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New emails show Hunter Biden wanted $2 million for his help to unfreeze Libyan assets

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Teresa Kroeger/Getty Images for World Food Program USA

Newly released emails sent by Democratic donors and business contacts of Hunter Biden's reveal that the president's son wanted a $2 million retainer for his help freeing up billions of dollars in Libyan assets that were frozen by the Obama administration, Business Insider reported.

The emails are not directly connected to other controversial emails from Hunter Biden's laptop regarding business dealings with Ukrainians, but they do show how Biden's status as the then-vice president's son and his connections within the Obama administration were seen as valuable by those who wanted to buy influence.

The first email reported by Insider is from Jan. 28, 2015, and was sent by Sam Jauhari, a Democratic donor with businesses in the Persian Gulf. He sent the email to Sheikh Mohammed al-Rahbani, an Obama campaign donor involved in the project to unfreeze the Libyan assets. The email assesses Hunter Biden's strengths as a potential partner but also his weaknesses, namely drug addiction and other vices, and what he wanted in return for his help:

Per phone conversation I met with #2 son. He wants $2 per year retainer +++ success fees. He wants to hire his own people - it can be close circle of people for confidentiality. His dad is deciding to run or not.

His positives are he is Chairman of UN World Food Program, son of #2 who has Libya file, access to State, Treasury, business partner SofS [Secretary of State] J. [John] Forbes K [Kerry] son and since he travels with dad he is connected everywhere in Europe and Asia where M. Q. [Muammar Qaddafi] and LIA [Libya Investment Authority] had money frozen. He said he has access to highest level in PRC [China], he can help there.

His negatives are that he is alcoholic, drug addict - kicked [out] of U.S. Army for cocaine, chasing low class hookers, constantly needs money-liquidity problems and many more headaches.

We should meet in Gstraad or London to decide next steps.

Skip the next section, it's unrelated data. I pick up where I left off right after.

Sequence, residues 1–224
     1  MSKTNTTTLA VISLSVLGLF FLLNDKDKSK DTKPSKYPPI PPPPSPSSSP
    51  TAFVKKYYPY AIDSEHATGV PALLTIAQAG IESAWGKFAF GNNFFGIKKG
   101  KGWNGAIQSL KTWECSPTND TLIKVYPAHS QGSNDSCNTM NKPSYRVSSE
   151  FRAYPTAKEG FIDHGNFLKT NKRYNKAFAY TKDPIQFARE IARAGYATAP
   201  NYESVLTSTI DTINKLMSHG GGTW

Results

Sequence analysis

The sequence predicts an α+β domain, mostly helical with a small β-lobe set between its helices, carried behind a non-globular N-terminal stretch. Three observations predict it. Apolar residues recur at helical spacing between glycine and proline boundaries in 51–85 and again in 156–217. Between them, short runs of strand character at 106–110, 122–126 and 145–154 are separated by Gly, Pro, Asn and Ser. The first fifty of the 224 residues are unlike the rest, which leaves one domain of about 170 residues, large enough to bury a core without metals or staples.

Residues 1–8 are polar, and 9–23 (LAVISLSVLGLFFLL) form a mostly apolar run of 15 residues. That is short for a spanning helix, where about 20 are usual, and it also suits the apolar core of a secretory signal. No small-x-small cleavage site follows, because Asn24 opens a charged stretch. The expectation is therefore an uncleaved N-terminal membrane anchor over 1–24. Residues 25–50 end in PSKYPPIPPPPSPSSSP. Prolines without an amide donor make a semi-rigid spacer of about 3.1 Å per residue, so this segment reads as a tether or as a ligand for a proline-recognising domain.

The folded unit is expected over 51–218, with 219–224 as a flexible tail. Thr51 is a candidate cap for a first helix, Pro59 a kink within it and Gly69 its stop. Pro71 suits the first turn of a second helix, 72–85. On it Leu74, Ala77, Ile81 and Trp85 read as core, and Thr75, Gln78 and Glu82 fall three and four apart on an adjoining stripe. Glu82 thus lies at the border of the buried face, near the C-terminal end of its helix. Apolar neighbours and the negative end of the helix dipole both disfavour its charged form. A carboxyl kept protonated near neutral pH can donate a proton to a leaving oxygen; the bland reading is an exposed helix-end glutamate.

Some details of the email are erroneous. Biden was discharged from the Navy Reserve, not the Army. And he was the chairman of World Food Program USA, a nonprofit charity based in Washington, D.C., that supports the U.N. World Food Programme, not a member of the actual U.N. body.

The fact remains, however, that Jauhari and al-Rahbani were interested in buying Biden's influence. While Muammar Qaddafi was in power, the Obama administration froze $15 billion in Libyan assets. Jauhari and his partners believed they could earn as much as 5% of whatever funds they could free for Libya, profits in the range of hundreds of millions of dollars. According to Insider, the $2 figure is shorthand for $2 million. Beyond his $2 million retainer, Hunter Biden stood to gain a portion of "success fees" if the deal went through.

As the email shows, Hunter Biden's relationship with his father, President Joe Biden, was valued because of the doors knowing the vice president would open. These interested parties sought to pay Hunter Biden to convince government officials like his father to change U.S. policy toward the Libyan assets so that everyone involved could make money.

The second email is from Feb. 26, 2016, and shows the plans for the Libya project were carried into 2016. According to Insider, in this email "Jauhari and al-Rahbani receive a report by John Sandweg, a Washington lawyer who had served as acting director of Immigration and Customs Enforcement under Obama."

Sandweg had contacted Biden's team about the deal and reported their conditions:

I spoke with HB's team yesterday. They are interested in the project, but emphasized that for them to get involved, the team (lobbyists, lawyers and PR) would need to be a small group of folks they have a tight relationship with. They do not want a large group involved and they only want people with whom they have a close relationship with due to the sensitivities surrounding their involvement.

Though the deal never went through, the fact remains that Hunter Biden was willing to be involved, as he gave his partners a quote. He also wanted to keep the deal secret, as evidenced by his desire to "hire his own people" for "confidentiality." Why? "His dad is deciding to run or not." Buying and selling influence with the vice president might not look good for a possible presidential bid.

Indeed, Joe Biden's connections to his son's business deals became an issue in the 2020 presidential campaign after the New York Post reported emails from Hunter Biden's laptop indicating that the younger Biden introduced his father to potential foreign business partners.

Taken together, all these emails show a clear pattern of the Biden family being willing to sell influence gained from public office to profit personally.

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